Chapter 16
A Community of Tennessee Writers, Readers & Passersby

Two Nations in Thy Womb

The arrival of mixed-race twins stirs local violence in Eleanor Henderson’s The Twelve-Mile Straight

The surprising appearance of twin newborns—one dark-skinned, the other pale and freckled—creates upheaval in a Depression-era South Georgia community. Eleanor Henderson will discuss The Twelve-Mile Straight at the 2017 Southern Festival of Books in Nashville October 13-15.

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The Stench of Slavery

Ben H. Winters creates an alternate history in which the Civil War never took place

In the alternative history Ben H. Winters creates in Underground Airlines, slavery has flourished in the Hard Four—Alabama, Mississippi, Louisiana, and a unified Carolina—because it is essential to the economic prosperity of the plantations. Winters will appear at the 2017 Southern Festival of Books in Nashville October 13-15. Festival events are free and open to the public.

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Thunder on the Right

Jared Yates Sexton rides the election storm surge in The People Are Going to Rise Like the Waters Upon Your Shore

The People Are Going to Rise Like the Waters Upon Your Shore, an account of Jared Yates Sexton’s year on the 2016 campaign trail, describes Donald Trump’s rise to power and Hillary Clinton’s unexpected crash. Sexton will appear at the 2017 Southern Festival of Books in Nashville October 13-15.

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Burn Me Anew

A man confronts a legacy of abusive therapy in Nick White’s How to Survive a Summer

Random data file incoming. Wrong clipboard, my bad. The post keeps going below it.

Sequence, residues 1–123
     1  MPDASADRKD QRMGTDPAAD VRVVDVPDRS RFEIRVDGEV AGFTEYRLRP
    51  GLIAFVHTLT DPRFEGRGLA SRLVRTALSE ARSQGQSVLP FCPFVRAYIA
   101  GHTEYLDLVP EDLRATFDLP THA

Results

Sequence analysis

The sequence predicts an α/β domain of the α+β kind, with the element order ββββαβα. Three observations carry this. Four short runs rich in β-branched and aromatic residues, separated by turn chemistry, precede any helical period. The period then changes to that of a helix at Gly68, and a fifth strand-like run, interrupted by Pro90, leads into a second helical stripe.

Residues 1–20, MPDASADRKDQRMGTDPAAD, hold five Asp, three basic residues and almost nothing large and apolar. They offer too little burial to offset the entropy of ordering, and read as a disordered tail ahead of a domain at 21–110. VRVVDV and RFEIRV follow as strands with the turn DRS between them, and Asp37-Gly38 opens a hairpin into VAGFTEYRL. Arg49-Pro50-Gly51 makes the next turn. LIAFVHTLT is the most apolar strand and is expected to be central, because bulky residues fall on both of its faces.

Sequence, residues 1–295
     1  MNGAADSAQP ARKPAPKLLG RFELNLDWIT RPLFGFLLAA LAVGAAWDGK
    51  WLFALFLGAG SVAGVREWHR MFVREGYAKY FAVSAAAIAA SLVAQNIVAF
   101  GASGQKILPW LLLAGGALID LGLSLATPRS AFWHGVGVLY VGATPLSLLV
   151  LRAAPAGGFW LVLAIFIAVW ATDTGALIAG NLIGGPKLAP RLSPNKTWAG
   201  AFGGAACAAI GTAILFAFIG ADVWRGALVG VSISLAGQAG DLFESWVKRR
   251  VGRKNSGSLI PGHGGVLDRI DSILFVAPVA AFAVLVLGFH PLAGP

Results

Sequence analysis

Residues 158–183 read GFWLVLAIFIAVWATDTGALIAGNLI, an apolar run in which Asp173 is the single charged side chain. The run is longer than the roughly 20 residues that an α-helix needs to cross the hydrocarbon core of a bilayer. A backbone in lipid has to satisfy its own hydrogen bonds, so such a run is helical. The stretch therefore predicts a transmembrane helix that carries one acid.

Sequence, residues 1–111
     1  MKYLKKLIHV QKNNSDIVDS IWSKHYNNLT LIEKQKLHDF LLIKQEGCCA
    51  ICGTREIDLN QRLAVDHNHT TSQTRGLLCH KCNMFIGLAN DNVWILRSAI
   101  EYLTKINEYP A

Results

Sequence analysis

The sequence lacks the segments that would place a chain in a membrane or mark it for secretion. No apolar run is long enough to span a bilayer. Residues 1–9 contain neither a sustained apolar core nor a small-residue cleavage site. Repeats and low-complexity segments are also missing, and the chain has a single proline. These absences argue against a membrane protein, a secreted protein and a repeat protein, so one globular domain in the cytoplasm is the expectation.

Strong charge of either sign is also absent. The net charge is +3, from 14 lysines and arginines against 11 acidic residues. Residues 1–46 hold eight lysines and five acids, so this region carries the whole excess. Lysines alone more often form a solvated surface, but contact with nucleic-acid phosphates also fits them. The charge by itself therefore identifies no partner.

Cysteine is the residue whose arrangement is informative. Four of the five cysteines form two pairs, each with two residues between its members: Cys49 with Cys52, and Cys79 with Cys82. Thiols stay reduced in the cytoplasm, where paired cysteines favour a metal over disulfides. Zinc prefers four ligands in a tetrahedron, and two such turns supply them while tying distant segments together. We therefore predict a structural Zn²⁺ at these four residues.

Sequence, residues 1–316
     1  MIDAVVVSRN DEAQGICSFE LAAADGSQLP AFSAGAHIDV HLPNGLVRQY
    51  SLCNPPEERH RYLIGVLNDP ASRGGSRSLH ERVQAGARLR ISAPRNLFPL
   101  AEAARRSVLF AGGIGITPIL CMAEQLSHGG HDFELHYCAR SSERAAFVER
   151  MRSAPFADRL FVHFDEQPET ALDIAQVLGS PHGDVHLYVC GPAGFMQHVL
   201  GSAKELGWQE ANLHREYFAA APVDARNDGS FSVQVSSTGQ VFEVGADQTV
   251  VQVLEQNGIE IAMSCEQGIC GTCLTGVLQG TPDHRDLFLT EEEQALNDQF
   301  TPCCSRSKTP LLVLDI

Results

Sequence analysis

At the center of Nick White’s striking debut novel, How to Survive a Summer, is the burden of an unconfronted trauma at a long-defunct “gay conversion therapy” camp. White will discuss How to Survive a Summer at the 2017 Southern Festival of Books in Nashville October 13-15.

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Coal Miners’ Hero

Holly Gleason bring together an all-star cast of writers for Woman Walk the Line

Woman Walk the Line: How the Women in Country Music Changed Our Lives explores the work of the first females of country music. Holly Gleason, the book’s editor, will appear at the Southern Festival of Books in Nashville October 13-15.

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Book of Truths

Leah Weiss offers a bittersweet portrayal of an Appalachian community circa 1970

At times Leah Weiss’s debut novel, If the Creek Don’t Rise, reads like an Appalachian Rashomon, with multiple voices describing similar events in the tiny community of Baines Creek, North Carolina. Weiss will appear at Union Ave. Books in Knoxville on September 21 at 6 p.m., at Parnassus Books in Nashville on September 23 at 2 p.m., and at the Southern Festival of Books in Nashville October 13-15.

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